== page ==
A closer look at the Spotify Web Player.
Spotify’s in a good position. Although they have yet to turn a profit, they’ve reached 40 million paying subscribers. And they’re outpacing Apple Music’s growth.
According to 9to5Mac, Spotify grew by approximately 10 million members in the last 5 months. Apple Music only managed to snag around 4 million members. Part of the reason for this success is broader access, including the Spotify Web Player.
The Spotify Web Player has been out for years. But if you’re new to Spotify, this is all brand new. You’re probably deciding the best ways to access this service, based on your listening preferences. So, let’s take a look at both the positives as well as the negatives of using the Spotify Web Player.
Remember that you don’t have to make a firm choice. In fact, many use both, depending on the situation. But this will familiarize you with the benefits and drawbacks of both.
Apps are pretty easy. But what if you’re in different environments and moving around a lot?
With the Spotify Web Player, it doesn’t matter where you are. You can be at work, at home, at a family member or friend’s house… wherever. Or, for that matter, using another person’s phone or system. You can log right into the web browser with your username and password, and start listening right away.
You’ll get access to your full catalog wherever you are.
Hotkeys, Hotkeys, and even more Hotkeys
Here’s something the mobile versions don’t have: the ability to add hotkeys. In just about any program, hotkeys are incredibly useful, especially when you’re at work. But in order for this to work, you will have to install the Spotify Hotkeys add-on on Firefox. Or, the Spotify Web Player Hotkey extension on Chrome.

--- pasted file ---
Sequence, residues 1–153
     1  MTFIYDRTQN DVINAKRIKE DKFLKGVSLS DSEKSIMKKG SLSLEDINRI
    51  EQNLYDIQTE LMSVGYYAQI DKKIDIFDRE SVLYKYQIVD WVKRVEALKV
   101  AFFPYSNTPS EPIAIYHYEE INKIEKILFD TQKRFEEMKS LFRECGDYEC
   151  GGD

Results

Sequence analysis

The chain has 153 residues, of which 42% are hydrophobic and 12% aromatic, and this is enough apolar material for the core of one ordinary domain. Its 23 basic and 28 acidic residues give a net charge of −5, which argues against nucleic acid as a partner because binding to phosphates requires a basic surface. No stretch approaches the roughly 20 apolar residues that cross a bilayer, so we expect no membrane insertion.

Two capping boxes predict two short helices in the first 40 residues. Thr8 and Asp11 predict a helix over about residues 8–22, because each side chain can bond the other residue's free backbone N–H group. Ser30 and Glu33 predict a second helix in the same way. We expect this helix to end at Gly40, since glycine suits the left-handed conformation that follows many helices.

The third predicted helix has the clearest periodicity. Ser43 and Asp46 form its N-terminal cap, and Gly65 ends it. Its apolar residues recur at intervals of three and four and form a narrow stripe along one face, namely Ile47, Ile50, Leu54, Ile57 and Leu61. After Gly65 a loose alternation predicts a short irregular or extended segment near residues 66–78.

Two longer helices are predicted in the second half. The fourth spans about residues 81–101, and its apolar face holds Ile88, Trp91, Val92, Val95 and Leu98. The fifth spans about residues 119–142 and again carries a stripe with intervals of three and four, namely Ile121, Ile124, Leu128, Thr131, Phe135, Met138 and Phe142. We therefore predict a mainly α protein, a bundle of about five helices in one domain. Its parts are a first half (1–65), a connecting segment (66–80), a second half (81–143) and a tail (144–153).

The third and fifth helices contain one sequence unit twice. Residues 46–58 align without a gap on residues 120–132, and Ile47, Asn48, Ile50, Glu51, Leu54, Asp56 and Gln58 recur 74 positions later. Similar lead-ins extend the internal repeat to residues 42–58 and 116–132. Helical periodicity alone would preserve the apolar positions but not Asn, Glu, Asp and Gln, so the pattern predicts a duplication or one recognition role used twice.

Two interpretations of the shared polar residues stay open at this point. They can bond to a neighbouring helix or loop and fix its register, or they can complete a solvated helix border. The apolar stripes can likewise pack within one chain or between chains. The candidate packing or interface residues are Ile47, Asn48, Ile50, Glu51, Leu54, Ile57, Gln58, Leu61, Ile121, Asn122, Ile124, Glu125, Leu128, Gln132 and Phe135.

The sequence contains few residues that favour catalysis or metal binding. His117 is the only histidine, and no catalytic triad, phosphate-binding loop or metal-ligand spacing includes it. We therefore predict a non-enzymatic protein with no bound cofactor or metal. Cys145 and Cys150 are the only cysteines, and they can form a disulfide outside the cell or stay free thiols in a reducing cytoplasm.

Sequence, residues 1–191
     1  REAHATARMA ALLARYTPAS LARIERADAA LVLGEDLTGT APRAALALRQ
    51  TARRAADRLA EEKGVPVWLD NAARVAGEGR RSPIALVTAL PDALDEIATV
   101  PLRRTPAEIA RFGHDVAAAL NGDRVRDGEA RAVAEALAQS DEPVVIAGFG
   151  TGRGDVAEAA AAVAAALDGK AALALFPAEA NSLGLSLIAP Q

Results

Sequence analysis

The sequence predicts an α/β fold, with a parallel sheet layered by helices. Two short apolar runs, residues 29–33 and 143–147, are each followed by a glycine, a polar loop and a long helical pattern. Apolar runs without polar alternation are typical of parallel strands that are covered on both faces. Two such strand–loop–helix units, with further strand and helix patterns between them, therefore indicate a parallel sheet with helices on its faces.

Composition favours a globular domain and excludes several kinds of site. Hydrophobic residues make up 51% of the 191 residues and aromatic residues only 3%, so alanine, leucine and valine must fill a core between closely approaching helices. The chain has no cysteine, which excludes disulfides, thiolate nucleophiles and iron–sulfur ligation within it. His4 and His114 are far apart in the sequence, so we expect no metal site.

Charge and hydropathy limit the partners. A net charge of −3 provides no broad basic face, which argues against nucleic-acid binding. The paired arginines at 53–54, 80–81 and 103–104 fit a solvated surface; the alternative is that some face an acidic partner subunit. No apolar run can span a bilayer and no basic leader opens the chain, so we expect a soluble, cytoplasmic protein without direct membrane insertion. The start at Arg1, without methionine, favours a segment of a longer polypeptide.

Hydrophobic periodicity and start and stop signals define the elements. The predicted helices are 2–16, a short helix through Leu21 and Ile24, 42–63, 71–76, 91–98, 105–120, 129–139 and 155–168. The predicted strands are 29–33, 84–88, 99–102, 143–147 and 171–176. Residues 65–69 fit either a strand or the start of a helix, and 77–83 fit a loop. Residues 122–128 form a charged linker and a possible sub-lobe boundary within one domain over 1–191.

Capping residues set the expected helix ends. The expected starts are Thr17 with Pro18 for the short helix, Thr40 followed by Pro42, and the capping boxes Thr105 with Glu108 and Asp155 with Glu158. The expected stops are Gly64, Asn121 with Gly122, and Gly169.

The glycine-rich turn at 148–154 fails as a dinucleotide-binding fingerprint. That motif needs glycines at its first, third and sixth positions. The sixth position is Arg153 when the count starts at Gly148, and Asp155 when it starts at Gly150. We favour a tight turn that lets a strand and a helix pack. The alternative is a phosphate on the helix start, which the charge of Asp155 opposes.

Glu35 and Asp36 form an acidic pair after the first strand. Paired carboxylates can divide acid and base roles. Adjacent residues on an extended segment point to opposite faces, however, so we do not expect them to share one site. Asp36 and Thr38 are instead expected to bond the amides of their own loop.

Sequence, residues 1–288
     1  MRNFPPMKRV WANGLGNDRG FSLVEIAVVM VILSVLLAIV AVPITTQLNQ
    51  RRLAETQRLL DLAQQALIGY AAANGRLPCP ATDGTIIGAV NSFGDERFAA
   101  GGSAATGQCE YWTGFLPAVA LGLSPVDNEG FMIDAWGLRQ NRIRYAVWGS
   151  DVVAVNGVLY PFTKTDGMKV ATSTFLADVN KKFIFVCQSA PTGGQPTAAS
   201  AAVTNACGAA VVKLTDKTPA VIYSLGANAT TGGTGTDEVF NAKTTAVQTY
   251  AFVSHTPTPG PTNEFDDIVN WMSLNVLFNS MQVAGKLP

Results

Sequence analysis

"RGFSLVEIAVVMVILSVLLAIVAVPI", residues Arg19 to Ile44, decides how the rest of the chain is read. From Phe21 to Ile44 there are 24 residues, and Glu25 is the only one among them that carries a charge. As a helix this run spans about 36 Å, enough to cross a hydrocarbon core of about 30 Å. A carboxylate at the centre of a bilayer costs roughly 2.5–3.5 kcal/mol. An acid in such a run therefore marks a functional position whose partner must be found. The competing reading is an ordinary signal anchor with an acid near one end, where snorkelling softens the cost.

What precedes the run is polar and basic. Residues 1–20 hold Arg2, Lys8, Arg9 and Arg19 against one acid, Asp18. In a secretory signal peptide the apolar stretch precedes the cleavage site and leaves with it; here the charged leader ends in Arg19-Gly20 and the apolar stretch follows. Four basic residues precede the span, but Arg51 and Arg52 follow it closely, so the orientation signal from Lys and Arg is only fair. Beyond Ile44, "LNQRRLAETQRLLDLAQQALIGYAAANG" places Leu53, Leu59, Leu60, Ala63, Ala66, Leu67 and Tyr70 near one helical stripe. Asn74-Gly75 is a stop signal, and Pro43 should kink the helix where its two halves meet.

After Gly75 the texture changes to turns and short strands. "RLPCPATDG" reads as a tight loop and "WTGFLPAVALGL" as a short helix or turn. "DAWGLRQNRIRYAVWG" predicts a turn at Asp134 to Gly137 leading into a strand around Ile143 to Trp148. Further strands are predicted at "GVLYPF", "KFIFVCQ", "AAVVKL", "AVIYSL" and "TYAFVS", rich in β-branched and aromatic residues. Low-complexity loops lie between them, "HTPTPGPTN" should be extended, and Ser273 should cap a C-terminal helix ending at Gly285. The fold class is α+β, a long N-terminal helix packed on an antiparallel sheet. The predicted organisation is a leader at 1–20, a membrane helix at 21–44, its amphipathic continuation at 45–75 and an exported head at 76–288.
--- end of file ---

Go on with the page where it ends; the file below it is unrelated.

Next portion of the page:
Apps take up space. Web access doesn’t. And storage is a problem for some users.
That said, with newer devices come more storage. And there are more options than ever for boosting portable storage. For example, increasing storage space via an SD card is easy for Android users. However, Android users don’t have the option to move the app to their SD card. So the app will take up precious space (around 47MB on my Moto G3).
On the iOS side, users will find themselves more limited. And in the end, iOS users are ultimately on a worse boat. There, the music app taking up around 121MB.
Speedy and Intuitive UI
Say what you will about the Web Player. The Web Player looks clean-cut, organized, and runs really well. In just a few clicks, I was able to play my favorite music with little stutter. The Spotify mobile apps unfortunately tend to depend on your device.
Portability is both its strongest point, and at the same time, its Achilles’ heel.
For starters, you must remain logged into a browser at all times to access the Web Player. Browser crash? Bye-bye, Spotify. Heading home? Bye-bye Spotify. And besides, don’t the mobile apps already provide true portability?
Lower sound quality
As explained here in this FAQ, Spotify Premium users shouldn’t expect to stream a 320kbps song on the Web Player. Unfortunately, the Web Player can only reproduce songs at 160kbps. Mobile premium users even have access to high-quality 320kbps streaming (better known as ‘Extreme Quality’).
Spotify’s community forums touched upon the topic back in December of 2015. An official response emerged four months later. An unnamed Spotify administrator said the following:
“Hey everyone, we don’t have plans to implement this so we’re marking this as ‘Not Right Now’. Of course, we’ll let you know if we’re making updates around having 320 kbps on the web player. Thanks!”
No Offline Mode
The desktop and mobile apps have extensive offline options. That includes cacheing and storing of selected songs, not to mention recent history. But after carefully investigating, it turns out the Web Player still does not. The Spotify Community posted a topic posted about it over 3 years ago. But due to a lack of interest, Spotify closed it.
“Excuse me, my good sir. This just doesn’t appear to be working.”
The Spotify Web Player will sometimes have issues connecting to the service.
Mobile apps and Desktop versions run more smoothly
Despite having a great UI, there’s no arguing that the dedicated desktop player and mobile apps run more smoothly. The Web Player can sometimes feel clunky.
Still on the fence? Try it out!
If you’re not sure which is best for you, why not try out both? Options are nice. You might decide to use both the app and web browser, depending on where you are. For example, the app might make sense for your phone. But the web-based application is easier when you’re using the family computer or vacation.
The apps are easily accessible from Spotify’s website. And here’s a quick tutorial on how to use the Spotify Web Player.